Online Payments Started a Tech Revolution
Last week, Etsy and Macy’s made an announcement. The online marketplace and enterprise retailer will be joining forces to bring Etsy to brick-and-mortar with a new pop-up shop. The story got me thinking about just how far online retail has come in the past few decades, and how important it’s been to the advancement of the retail industry as a whole.
Legend has it that the first ever computer-aided exchange, now referred to as e-commerce, was the sale of marijuana between a group of students at Stanford and MIT in the early ‘70’s. From those sketchy beginnings, e-commerce has come a long way to bring us things like the Etsy/Macy’s partnership, or the entire world of FinTech.
E-commerce is the industry that was born out of the ability to safely transfer money over the internet, and PayPal was the first to make this happen in a big way. When PayPal launched in 1999, it brought online payments and e-commerce into the mainstream and galvanized a shift in power from retailers to consumers. With secure, easy and trustworthy online payments, consumers could now shop smarter, compare prices, do research and safely spend their money online; they were no longer confined to the brick-and-mortar stores nearby. Even more revolutionary, any individual had the power to become an online retailer.
This initial power transfer signaled the first step in a change that has been moving through the industry ever since. Before the opportunity that e-commerce provided, one could only compete in retail if one had access to the capital needed to cover the massive overhead costs that come with brick-and-mortar sales.
E-commerce is now so influential that a store is considered untrustworthy if it doesn’t have a website, inconvenient if it doesn’t sell online and not doing enough if it’s doesn’t have a robust, on-brand and compelling social media presence. According to a survey by RetailNext, 84% of consumers believe that retailers should be doing more to integrate their online and offline channels and 22% of consumers spend more at a store if digitally influenced. Online and mobile payments are so advanced they merit their own nickname of FinTech.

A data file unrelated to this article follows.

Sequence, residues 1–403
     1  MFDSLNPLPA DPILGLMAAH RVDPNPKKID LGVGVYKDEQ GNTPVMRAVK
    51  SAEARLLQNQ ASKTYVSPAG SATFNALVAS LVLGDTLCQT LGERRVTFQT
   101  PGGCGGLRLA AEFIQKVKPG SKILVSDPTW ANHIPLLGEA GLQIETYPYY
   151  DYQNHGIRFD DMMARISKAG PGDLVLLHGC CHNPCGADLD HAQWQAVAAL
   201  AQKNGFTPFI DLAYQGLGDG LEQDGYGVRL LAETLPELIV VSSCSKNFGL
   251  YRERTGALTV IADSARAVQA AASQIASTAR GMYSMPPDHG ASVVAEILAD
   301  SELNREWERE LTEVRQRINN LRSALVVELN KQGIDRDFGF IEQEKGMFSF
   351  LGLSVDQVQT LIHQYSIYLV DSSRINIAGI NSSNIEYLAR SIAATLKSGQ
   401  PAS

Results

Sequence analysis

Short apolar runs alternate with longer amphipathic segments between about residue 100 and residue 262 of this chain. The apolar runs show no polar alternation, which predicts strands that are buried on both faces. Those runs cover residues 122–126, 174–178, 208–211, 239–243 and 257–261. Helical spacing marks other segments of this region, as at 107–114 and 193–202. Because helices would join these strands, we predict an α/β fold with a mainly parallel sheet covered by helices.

Unsurprisingly, the small guys are thriving in this ecosystem. POS technology platform Shopify announced in 2015 that they were being used by over 100,000 online stores. The blog post that accompanies the announcement recounts the mission of Shopify: to make it possible for any individual mom-and-pop store to grow and flourish.
And then there’s Amazon. This year, Amazon beat out Walmart to be the biggest retailer in the world. Amazon has leveraged cutting edge technology, a great product array, secure online payments, low prices and the fastest online delivery (facilitated by excellent supply chain management) to shoot to the top of the industry. In contrast with some of the original benefits of e-commerce, Amazon has an extremely robust infrastructure, and lots of overhead. They are also the epitome of how the retail industry has evolved with technology, and their use of tech extends far beyond payments and e-tail.
When it comes to the retail industry as a whole, online payments and the resulting e-commerce were the first dominos to fall, but not the end of the technology’s influence. Online payment launched an avalanche of changes and advancements and it shifted the power from few to many, which was the spark that ignited a technology revolution throughout the industry.
In the coming weeks I’ll share more news stories, and more thoughts on the other segments of the product development circle.